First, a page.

Dunstan Playhouse, Thu 25 Feb
Even before the house lights are down and stragglers have found their seats the action has started. A group of smartly dressed adults moves around the stage sizing each other up, getting each other’s measure. Intriguing to watch, but what does it mean? Dürer’s famous painting Young Hare is pinned to a wall. Attractive image, but what can it possibly have to do with the story of Moses?
A young woman smothered in blood is in excruciating pain in a locked toilet. This is a difficult scene to watch. Has she given birth or prevented one? We later learn that she has a child but has abandoned it. In a police station an officer pleads with her to tell him what she has done with the child. She has placed him in a basket and pushed him out into the River Nile, like Moses in the bulrushes, so that he may grow up to set people free from their modern slavery.
A series of short scenes unfolds; some involving loud machinery. The connection between these scenes is not entirely clear, but does this matter? The acting is subtle and flawless. The final scene set in a Neanderthal cave is beautiful to watch, and an arresting soundscape makes it all the more powerful. A woman poignantly buries her dead child, with her group of cave-dwellers looking on. Is this the birth of a ritual? Then she must immediately engage in the act of creating another life. Her final message is a hand-painted ‘S.O.S.’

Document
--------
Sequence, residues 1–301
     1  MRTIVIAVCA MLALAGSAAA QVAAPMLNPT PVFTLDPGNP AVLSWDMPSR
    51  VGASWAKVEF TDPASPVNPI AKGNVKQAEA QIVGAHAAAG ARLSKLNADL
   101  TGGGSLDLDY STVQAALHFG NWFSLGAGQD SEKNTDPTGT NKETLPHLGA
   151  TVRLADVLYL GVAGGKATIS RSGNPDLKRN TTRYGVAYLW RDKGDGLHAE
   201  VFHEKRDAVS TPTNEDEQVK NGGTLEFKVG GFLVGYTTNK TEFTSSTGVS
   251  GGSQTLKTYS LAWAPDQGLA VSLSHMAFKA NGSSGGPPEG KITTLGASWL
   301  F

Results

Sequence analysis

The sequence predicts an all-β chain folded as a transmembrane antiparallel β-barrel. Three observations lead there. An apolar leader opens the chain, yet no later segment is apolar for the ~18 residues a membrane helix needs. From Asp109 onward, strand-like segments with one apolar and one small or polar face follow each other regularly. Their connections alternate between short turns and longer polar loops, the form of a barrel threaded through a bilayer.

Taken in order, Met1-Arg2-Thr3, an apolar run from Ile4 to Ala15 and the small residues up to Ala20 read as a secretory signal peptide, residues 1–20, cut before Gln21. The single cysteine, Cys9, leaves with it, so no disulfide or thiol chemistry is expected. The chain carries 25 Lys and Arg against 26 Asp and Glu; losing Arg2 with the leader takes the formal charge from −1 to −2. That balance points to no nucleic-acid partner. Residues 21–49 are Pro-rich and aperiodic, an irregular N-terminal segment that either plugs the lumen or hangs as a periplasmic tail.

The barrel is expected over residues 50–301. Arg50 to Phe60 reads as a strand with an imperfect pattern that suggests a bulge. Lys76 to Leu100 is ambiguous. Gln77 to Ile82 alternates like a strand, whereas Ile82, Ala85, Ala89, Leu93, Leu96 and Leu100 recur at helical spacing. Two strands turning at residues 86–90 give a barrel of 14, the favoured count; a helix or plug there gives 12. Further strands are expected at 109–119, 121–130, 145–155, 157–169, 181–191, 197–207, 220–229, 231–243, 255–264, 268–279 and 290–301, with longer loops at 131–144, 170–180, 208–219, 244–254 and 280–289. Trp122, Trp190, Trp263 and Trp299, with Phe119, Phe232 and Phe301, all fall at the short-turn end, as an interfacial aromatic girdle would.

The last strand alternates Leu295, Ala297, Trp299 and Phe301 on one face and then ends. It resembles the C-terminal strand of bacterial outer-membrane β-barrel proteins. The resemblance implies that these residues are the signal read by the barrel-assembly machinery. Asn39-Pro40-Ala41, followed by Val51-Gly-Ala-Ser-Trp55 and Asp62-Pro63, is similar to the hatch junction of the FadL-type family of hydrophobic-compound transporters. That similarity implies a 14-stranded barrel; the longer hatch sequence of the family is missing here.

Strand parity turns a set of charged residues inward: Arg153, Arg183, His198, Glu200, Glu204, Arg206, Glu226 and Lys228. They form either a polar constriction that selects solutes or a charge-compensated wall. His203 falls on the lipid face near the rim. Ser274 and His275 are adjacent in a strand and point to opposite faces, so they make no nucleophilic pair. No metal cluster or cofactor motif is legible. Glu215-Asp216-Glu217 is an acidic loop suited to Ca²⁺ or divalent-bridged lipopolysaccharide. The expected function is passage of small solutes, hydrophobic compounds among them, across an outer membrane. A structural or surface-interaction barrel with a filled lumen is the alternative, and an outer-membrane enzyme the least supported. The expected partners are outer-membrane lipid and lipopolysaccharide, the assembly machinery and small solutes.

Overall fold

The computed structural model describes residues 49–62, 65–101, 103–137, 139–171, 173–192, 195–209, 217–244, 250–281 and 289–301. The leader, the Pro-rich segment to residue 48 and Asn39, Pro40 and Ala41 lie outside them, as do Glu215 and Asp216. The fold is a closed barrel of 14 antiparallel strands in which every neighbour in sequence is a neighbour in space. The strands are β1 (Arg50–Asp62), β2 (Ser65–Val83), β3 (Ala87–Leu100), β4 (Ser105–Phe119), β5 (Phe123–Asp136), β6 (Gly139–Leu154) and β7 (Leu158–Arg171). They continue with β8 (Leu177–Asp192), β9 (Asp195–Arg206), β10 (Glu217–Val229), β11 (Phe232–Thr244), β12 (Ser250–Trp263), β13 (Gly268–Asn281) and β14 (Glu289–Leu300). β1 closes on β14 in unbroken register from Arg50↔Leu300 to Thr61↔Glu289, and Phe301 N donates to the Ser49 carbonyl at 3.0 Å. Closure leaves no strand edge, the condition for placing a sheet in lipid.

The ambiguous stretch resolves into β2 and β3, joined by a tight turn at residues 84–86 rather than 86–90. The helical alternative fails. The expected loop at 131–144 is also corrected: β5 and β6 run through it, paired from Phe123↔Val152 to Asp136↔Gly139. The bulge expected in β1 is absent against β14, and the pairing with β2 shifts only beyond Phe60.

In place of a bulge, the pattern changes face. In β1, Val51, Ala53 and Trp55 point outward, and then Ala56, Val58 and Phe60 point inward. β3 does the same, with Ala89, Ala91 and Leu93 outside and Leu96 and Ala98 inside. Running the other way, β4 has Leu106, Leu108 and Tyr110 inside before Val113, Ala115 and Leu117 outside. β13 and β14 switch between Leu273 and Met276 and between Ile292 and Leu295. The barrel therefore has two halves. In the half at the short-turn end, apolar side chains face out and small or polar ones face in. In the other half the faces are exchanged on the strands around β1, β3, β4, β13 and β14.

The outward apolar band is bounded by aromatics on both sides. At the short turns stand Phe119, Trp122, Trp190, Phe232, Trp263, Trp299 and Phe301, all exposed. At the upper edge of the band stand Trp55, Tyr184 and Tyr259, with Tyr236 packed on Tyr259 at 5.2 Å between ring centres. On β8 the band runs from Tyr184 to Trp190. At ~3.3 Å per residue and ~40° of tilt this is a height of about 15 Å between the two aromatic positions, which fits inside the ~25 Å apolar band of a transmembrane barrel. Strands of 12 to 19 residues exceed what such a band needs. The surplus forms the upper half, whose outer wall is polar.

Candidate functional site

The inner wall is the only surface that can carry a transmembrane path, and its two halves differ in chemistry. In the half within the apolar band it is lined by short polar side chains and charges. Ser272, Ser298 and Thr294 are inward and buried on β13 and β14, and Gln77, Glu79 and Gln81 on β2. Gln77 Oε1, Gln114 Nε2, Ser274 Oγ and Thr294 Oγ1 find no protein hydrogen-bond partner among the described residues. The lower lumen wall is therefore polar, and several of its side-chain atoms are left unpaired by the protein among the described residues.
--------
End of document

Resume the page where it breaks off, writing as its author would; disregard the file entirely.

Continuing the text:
Castellucci seems to delight in making dense, difficult theatre. He would rather you went home and thought about his images and ideas than understand them all at once. The applause at the end is polite to begin with, but slowly builds and there are eventually cries of ‘Bravo’!
Societas Raffaello Sanzio have delivered a brave and compelling performance.
Go Down, Moses continues at Dunstan Playhouse – Adelaide Festival Centre, at various times, until Sun 28 Feb.
Book at BASS on 131 246 and bass.net.au. Click HERE to purchase your tickets.
Image courtesy of Guido Mencari